Michael Riley for Bloomberg (via Stephen Hackett):
The U.S. National Security Agency knew for at least two years about a flaw in the way that many websites send sensitive information, now dubbed the Heartbleed bug, and regularly used it to gather critical intelligence, two people familiar with the matter said.
The NSA’s decision to keep the bug secret in pursuit of national security interests threatens to renew the rancorous debate over the role of the government’s top computer experts.
If this is true (the NSA denies it), I really hope this is the tipping point for taking the NSA to task on the sneaky surveillance of Americans. Although this might have served them for spying, it also left these sites open for attack, and ended up not protecting Americans, the whole point of the NSA and other government security organizations.
I was trying to sum this up for someone and basically used the analogy of knowing that your neighbor’s garage had a faulty lock, and rather than letting them know, you used it for your own benefit (let’s say borrowing items). In addition, by not telling them, anyone else would have access. How is this okay?
“Yes, Steve could be intense at times. But he was also a real person. He had to deal with the ordinary and mundane aspects of life like everyone else. Maybe even enjoy them.”
Lucy Mangan for The Guardian:
Well, sort of. Après noticing that the ability of bosses to invade their employees’ home lives via smartphone at any here of the day or night was enabling real work hours to extend further and further beyond the 35-hour week the country famously introduced in 1999, workers’ unions have been fighting back. Now employers’ federations and unions have signed a new, legally binding labour agreement that will require staff to switch off their phones after 6pm.
Under the deal, which affects a million employees in the technology and consultancy sectors (including the French arms of Google, Facebook, Deloitte and PwC), employees will also have to resist the temptation to look at work-related material on their computers or smartphones – or any other kind of malevolent intrusion into the time they have been nationally mandated to spend on whatever the French call la dolce vita. And companies must ensure that their employees come under no pressure to do so. Thus the spirit of the law – and of France – as well as the letter shall be observed.
As much as Americans joke about the French, I think this is a great idea, especially since I know plenty of people who voluntarily obsess over work email after hours.
Earlier this week, Microsoft officially stopped supporting Windows XP. Although it continues to function as expected and is installed on millions of computers worldwide, it’s ancient—it came from an era before notable gadgets like the iPod or RAZR, where a computer was truly the only way to get real work done. Considering all of this, it is truly amazing how the Windows XP’s customers kept it popular much longer than most computer operating systems typically last…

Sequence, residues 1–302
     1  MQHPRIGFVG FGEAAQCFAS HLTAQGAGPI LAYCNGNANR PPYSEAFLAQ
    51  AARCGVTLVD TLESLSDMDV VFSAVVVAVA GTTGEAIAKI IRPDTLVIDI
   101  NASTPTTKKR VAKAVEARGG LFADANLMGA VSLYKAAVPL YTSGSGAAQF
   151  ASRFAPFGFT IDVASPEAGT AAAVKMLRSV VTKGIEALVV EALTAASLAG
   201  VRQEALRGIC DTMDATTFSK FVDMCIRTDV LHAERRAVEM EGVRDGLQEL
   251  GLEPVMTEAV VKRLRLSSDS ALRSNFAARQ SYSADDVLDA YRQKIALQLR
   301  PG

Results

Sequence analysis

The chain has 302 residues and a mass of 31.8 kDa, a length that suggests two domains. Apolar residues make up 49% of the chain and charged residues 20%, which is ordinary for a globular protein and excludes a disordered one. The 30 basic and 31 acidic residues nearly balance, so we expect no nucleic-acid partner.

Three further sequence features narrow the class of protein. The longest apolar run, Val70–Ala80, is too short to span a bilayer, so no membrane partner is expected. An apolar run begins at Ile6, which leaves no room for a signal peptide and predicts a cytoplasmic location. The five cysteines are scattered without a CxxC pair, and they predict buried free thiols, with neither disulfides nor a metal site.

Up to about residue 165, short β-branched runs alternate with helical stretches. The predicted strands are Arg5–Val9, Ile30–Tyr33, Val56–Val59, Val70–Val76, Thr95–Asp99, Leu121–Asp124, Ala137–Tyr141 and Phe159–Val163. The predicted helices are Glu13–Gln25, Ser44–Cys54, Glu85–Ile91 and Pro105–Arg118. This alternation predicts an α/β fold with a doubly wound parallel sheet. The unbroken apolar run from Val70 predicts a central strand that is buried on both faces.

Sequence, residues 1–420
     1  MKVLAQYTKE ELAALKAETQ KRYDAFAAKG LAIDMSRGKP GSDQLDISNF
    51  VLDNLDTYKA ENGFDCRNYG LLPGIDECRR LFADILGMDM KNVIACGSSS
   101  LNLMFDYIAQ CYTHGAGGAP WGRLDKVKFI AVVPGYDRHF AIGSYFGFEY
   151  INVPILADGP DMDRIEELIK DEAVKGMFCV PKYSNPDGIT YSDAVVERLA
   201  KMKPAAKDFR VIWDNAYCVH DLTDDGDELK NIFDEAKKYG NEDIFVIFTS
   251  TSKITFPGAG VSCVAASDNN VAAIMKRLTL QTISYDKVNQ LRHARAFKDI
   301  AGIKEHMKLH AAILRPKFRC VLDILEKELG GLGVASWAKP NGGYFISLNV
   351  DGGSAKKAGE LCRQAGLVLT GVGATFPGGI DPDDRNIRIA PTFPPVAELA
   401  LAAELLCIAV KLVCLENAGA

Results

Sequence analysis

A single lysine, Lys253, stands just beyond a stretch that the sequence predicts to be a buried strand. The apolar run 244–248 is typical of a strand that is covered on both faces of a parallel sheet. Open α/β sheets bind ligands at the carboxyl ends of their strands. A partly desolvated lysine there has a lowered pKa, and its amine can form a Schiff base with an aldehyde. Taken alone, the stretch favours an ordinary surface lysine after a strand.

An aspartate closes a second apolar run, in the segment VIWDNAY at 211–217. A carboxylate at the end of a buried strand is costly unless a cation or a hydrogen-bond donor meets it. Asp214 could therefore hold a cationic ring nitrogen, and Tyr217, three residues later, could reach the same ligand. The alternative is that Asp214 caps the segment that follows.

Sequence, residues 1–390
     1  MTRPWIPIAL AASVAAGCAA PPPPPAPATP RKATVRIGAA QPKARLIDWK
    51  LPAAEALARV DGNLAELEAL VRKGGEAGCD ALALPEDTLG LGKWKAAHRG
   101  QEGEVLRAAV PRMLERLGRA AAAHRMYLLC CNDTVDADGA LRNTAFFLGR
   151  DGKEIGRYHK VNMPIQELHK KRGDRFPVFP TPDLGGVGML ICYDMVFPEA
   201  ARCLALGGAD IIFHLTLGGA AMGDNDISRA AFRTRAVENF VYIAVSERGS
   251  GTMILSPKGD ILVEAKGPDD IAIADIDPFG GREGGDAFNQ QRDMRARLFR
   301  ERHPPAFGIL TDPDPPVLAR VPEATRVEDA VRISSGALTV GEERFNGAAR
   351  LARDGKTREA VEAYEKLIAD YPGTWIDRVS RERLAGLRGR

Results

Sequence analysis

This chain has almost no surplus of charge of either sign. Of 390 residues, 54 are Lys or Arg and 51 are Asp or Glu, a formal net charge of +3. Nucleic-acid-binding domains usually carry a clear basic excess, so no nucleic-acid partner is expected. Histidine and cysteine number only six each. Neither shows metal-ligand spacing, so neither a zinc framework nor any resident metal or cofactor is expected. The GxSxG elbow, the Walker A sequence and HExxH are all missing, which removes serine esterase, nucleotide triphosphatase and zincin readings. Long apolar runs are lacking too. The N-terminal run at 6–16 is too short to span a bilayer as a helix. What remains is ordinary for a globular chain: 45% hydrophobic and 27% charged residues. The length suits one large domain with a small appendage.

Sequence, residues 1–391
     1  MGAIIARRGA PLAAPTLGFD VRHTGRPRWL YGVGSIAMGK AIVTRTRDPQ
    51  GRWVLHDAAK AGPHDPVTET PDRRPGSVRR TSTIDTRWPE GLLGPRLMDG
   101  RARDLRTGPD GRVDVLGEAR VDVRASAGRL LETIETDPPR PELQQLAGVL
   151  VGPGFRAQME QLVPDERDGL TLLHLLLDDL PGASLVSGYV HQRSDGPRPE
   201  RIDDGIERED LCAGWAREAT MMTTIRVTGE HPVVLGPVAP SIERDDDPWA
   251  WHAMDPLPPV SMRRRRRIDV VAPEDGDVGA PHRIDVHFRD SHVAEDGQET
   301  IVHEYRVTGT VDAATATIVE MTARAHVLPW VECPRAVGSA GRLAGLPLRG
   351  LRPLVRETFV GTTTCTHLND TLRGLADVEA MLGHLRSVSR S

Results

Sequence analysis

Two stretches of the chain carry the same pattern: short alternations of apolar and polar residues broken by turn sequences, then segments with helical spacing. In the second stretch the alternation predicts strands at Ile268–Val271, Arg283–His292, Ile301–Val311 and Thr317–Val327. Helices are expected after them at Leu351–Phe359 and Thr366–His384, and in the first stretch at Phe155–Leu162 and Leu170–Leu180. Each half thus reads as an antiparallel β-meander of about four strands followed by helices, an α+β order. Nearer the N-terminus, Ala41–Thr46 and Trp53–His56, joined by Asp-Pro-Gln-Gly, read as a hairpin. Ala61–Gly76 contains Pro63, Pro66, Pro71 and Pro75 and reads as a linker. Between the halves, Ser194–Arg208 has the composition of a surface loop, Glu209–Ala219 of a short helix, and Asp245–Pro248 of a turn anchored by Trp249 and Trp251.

According to multiple sources inside and outside the company, Christie’s exit has been known for weeks — and planned for even longer. His stepping aside has been designed to allow for a transition of leadership inside the Human Interface group. Christie worked under Forstall for many years, and there may have been plenty of times he didn’t agree with Ive, but there has reportedly been a distinct lack of drama in this transition.
If there was any ill-will between Christie and Ive, it doesn’t appear to have taken the form of any open conflict and a flare-up of friction was apparently not behind this exit. We hear Christie will stay at Apple a bit longer working on “special projects,” in a similar manner to former SVP of Technology Bob Mansfield, until he exits. From what we understand, Christie was recently moved into a role with no direct reports, which is often the harbinger of retirement at Apple.
Christie brought a lot to the table over the years, from making OS X look both visually appealing and professionally restrained, and giving iOS obvious enough cues to help bring the idea of a smartphone to the masses. Some early reports pointed at clashes between Christie and Jonathan Ive as the reason for his departure, but it seems to be much more amicable. Still, this will obviously be a major loss for Apple.
“Both skeuomorphic and flat extremes have uniquely beautiful and useful qualities, but merging the two styles allows us to leverage the strengths of both.”
Visuals have been growing increasingly important for Twitter and the new design pushes them even further to the fore, with larger background images and more prominent profile pictures. There’s an unmissable similarity to Facebook’s profile pages, with the user’s photos and friends both being tucked into a tile layout on the lower left.
Just…no. I understand Twitter needs to find ways to make money, but they need to stop fiddling with the design—it’s losing focus much like the every-few-months rework of Facebook.
I worked on the Genius Bar for almost two years, and the most difficult issue to solve was short battery life. It was extremely difficult to pinpoint the exact reason why someone’s battery was draining.
I made it my mission to discover the specific reasons for iOS battery drainage. This article is a product of my years of research and anecdotal evidence I gathered in the hundreds of Genius Bar appointments I took during my time as a Genius and iOS technician, as well as testing on my personal devices and the devices of my friends.
As someone who gets asked about battery drain on iOS devices by friends and people at work, this article summarizes a lot of tips I’ve been sharing for years. I use the Airplane-Mode-on-with-Wi-Fi-re-enabled trick when I go to games at Bankers Life Fieldhouse, as it has pretty good Wi-Fi, but basically kills any sort of cellular signal coming in.